itsabeautifulsunnyday:

American Horror Story: Flutes on Music Stands

I have been out of band for so many years now yet still got a heart attack reading this…

(this post was reblogged from fuckyeahbandbuffalo)

roachpatrol:

archiemcphee:

Forget Google Glass, Android Wear, Smartwatches or contact lenses that give you night vision. Instead let’s talk about the awesomeness that is this 17th century Chinese abacus ring. It’s wearable tech from the Qing Dynasty, perhaps the world’s oldest smart ring.

Measuring a mere 1.2 centimeter-long by 0.7 centimeter-wide, the miniature abacus is a fully functional counting tool, but it’s so tiny that using it requires an equally dainty tool, such as a pin, to manipulate the beads, which are each less than one millimeter long.

"However, this is no problem for this abacus’s primary user—the ancient Chinese lady, for she only needs to pick one from her many hairpins."

[via Fashionably Geek and Gizmodo]

oh my god ancient chinese ladies knew where it was at

(this post was reblogged from ochazuke)

If you have any doubt that the hashtag is a frighteningly powerful tool in our modern vocabulary, imagine a person you care about texting you that song’s title line out of the blue: “You’re beautiful.” Now think of the same person texting, “You’re #beautiful.” The second one is jokey, ironic, distant—and hey, maybe that’s what that person was going for. But it also hammers home that point that the internet too often asserts: You’re not as original as you once thought. “Beautiful” is analog, unquantifiable, one-in-a-million. #Beautiful, on the other hand, is crowded terrain. Ten more people have just tweeted about something or someone #beautiful since you started reading this sentence.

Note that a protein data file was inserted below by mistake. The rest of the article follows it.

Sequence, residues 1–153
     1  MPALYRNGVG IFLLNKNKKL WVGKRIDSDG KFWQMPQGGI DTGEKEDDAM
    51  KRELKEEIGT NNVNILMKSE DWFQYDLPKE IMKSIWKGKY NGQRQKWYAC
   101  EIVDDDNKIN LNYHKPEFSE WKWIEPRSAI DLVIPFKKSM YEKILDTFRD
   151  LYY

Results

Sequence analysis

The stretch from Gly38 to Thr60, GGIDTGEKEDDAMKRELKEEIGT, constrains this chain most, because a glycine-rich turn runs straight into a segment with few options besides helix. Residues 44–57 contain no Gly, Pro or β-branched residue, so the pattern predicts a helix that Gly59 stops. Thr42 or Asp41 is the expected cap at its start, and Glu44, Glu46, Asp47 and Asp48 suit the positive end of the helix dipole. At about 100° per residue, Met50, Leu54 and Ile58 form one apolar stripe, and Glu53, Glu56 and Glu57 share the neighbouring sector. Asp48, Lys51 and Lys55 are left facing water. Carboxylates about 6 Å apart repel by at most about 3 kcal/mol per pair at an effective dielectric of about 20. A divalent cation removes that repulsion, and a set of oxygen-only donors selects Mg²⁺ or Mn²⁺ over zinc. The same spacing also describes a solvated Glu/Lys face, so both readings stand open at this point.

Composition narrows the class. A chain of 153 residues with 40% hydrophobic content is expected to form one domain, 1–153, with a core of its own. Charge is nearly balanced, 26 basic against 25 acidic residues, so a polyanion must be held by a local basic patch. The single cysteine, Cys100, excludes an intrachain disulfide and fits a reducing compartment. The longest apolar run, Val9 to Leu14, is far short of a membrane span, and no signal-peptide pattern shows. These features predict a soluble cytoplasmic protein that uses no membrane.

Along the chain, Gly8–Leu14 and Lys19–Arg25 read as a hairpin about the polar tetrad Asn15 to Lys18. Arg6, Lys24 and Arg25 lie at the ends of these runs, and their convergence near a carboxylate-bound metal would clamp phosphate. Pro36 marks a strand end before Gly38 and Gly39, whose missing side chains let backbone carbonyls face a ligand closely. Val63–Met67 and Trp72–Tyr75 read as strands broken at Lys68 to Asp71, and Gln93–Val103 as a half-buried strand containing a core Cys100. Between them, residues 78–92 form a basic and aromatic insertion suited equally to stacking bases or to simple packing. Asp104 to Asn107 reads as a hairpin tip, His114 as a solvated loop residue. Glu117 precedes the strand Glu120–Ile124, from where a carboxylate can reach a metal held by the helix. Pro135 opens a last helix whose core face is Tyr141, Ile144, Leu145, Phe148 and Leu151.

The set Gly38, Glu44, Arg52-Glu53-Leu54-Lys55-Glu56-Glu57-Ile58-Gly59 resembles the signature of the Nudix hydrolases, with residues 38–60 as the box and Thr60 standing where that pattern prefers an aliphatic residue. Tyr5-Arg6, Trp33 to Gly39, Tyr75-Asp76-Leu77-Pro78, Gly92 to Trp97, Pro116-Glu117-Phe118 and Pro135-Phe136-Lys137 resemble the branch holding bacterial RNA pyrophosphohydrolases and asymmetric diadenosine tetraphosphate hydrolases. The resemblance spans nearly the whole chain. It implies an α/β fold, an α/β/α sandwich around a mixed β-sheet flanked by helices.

As more and more of our daily interactions become text-based — people preferring texting to phone calls, workplaces that rely heavily email and instant messaging—we’re developing ways to stretch our written language so it can communicate more nuance, so we can tell people what we mean without accidentally leading them on or pissing them off. Periods have becomemore forceful, commas less essential, and over the last few years, the hashtag has morphed into something resembling the fabled sarcasm font—the official keystroke of irony. Putting a hashtag in front of something you text, email, or IM to someone is a sly way of saying “I’m joking,” or maybe more accurately, “I mean this and I don’t at the same time.”

The #Art of the Hashtag

Thanks to Twitter, the hashtag has become an important linguistic shortcut. But while everyone from Robin Thicke to Beyoncé has used the symbol as part of their art, only a few have truly taken advantage of its culture-jamming possibilities.

Via @pitchforkmedia

(via npr)

(this post was reblogged from keruth)

(Source: livefromearth)

(this post was reblogged from al1194)

LION KING BLOOPERS

These are actual bloopers from the cast while they recording, and they were later animated.

(Source: johnlockednessmonster)

(this post was reblogged from prayzyethelord)

etherealhome:

Alexandra Valenti - Painted Images

(Source: vanished)

(this post was reblogged from unsoothed)

rosewong:

Bok choy and rice with Maneki-neko~

This is also my life.

(this post was reblogged from rosewong)